travelocity expedia
 

Analysts react to the Expedia deal to power Travelocity

Stock market analysts have handed down their verdicts on the long-term marketing agreement announced last week under which Expedia Inc will power the search results for Travelocity.

The overall view? Positive.

Analysts generally praise the arrangement, which goes into effect next year.

But none of the 29 US analysts following Expedia like it enough to adjust their ratings of the corporation. (Travelocity is held by privately-owned Sabre Holdings.)

Win-win

Essentially, Travelocity is becoming a distribution channel for Expedia’s inventory, with cost savings for both sides, according to Zacks Equity Research.

Details on the deal remain scarce, but analyst Kevin Kopelman at Cowen and Company likes the broad outlines.

Expedia will will pick up the orders for Travelocity and pay a commission for the sales generated. Kopelman estimates Travelocity’s average commission is 7.5% — with each company profiting $90 million in savings after all costs and cannibalization are accounted for. Adds Kopelman:

Given Expedia’s recent slowdown and increased competition from Booking.com, the deal has been interpreted by some as a lack of confidence from Expedia in its own brands’ growth prospects…. We don’t share that view.

Brian Nowak, an analyst at SIG (Susquehanna International Group) is also upbeat.

His study of Comscore data leads him to estimate that Travelocity is the 5th-most-visited online travel agency (OTA) in the US, with about 7.2 million unique visitors in July 2013. (Expedia, Priceline, Orbitz, and Hotels.com were ahead of it, in that order.)

Out of the full category of travel conglomerates, Travelocity was in eighth place.

travelocity expedia

Nowak says Travelocity’s and Expedia’s user bases hardly overlap, given that 45% of travelers who visit Travelocity.com don’t visit Expedia.com.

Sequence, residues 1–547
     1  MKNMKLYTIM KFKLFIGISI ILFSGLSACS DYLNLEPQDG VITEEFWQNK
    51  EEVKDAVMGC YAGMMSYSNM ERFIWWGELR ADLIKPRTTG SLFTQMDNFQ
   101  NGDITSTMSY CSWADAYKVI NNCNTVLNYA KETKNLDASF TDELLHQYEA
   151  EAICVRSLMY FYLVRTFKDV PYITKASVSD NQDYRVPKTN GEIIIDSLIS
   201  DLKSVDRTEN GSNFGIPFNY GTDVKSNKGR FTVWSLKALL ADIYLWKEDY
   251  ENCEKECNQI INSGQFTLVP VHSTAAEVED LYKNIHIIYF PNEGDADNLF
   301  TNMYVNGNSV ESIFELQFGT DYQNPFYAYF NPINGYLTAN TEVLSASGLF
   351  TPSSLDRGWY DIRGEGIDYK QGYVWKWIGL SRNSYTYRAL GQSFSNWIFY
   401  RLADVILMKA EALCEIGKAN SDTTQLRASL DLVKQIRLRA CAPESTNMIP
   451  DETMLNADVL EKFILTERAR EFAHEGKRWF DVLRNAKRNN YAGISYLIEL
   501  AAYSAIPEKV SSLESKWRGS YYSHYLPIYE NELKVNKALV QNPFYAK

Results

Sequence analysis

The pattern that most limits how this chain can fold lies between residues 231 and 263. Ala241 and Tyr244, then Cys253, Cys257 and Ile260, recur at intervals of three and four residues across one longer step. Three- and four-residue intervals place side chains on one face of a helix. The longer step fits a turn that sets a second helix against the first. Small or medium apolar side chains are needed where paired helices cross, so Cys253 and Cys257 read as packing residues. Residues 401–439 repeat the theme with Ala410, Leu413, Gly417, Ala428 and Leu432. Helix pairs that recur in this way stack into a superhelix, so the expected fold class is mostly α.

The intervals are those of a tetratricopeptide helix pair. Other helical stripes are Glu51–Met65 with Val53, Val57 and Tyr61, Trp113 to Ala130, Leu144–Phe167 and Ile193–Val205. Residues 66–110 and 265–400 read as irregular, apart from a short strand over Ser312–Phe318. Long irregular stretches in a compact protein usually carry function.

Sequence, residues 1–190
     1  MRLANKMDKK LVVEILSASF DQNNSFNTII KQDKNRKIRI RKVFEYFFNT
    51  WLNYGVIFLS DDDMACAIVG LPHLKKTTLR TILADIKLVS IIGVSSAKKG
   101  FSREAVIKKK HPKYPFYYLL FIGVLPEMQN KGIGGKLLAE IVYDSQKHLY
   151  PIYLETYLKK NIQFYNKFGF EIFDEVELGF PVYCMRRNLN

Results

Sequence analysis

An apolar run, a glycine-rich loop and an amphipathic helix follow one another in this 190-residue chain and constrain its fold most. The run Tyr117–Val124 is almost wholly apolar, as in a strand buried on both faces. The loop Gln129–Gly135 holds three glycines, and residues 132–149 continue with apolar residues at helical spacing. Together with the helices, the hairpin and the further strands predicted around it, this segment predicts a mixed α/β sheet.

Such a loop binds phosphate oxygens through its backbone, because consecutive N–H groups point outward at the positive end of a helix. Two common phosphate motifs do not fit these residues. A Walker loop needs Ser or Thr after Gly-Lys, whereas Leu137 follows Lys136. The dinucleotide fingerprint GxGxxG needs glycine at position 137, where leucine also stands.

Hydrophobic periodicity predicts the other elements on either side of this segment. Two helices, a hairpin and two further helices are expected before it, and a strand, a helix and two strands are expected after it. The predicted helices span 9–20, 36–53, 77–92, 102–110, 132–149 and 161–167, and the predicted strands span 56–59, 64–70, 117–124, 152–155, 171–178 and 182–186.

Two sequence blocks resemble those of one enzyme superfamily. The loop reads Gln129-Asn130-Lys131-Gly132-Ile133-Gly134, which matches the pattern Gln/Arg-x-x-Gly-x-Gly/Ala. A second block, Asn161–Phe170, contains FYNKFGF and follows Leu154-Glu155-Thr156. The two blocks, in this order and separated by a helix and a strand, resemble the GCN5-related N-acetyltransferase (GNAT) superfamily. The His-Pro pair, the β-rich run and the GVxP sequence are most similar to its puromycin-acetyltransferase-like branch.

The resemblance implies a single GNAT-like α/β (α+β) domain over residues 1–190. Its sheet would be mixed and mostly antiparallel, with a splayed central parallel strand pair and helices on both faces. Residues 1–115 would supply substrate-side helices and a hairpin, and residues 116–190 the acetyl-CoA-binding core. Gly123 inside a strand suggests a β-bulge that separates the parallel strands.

“Travelocity as an Expedia affiliate”

Many analysts, such as Kopelman, see this as an extension of Expedia’s affiliate strategy — only on a larger canvas. The Expedia Affiliate Network (EAN), which powers hotel bookings engines on hundreds of sites, operates with a typical half/half revenue split between each platform and the company. Similar terms are likely for the Travelocity deal.

Travelocity could grow as a brand if Sabre Holdings pours more marketing dollars into it — a substantial “if”. The tech improvements that Expedia has invested in during the past two years could improve conversion on Travelocity, helping all parties.

Expedia will benefit from scale efficiencies due to increased volumes, predicts Naved Khan at Cantor Fitzgerald.

Hudson Crossing, the travel technology research firm, says this transaction offers a lesson for all travel marketers, especially for OTAs and metasearch sites. Writes analyst Henry Harteveldt:

Having a great brand image — which Travelocity certainly has — means little without a compelling user experience to support it. A company cannot feed surface elements of a brand — logo, advertising, email — while it starves its product, technology, and UX/UI, arguably the elements where ‘the rubber meets the road.”

With low brand loyalty among online travelers and a lack of any meaningful barriers to shopping across sites, all travel intermediaries must provide compelling points of differences. It’s not easy to rely on price — a competitor can easily match.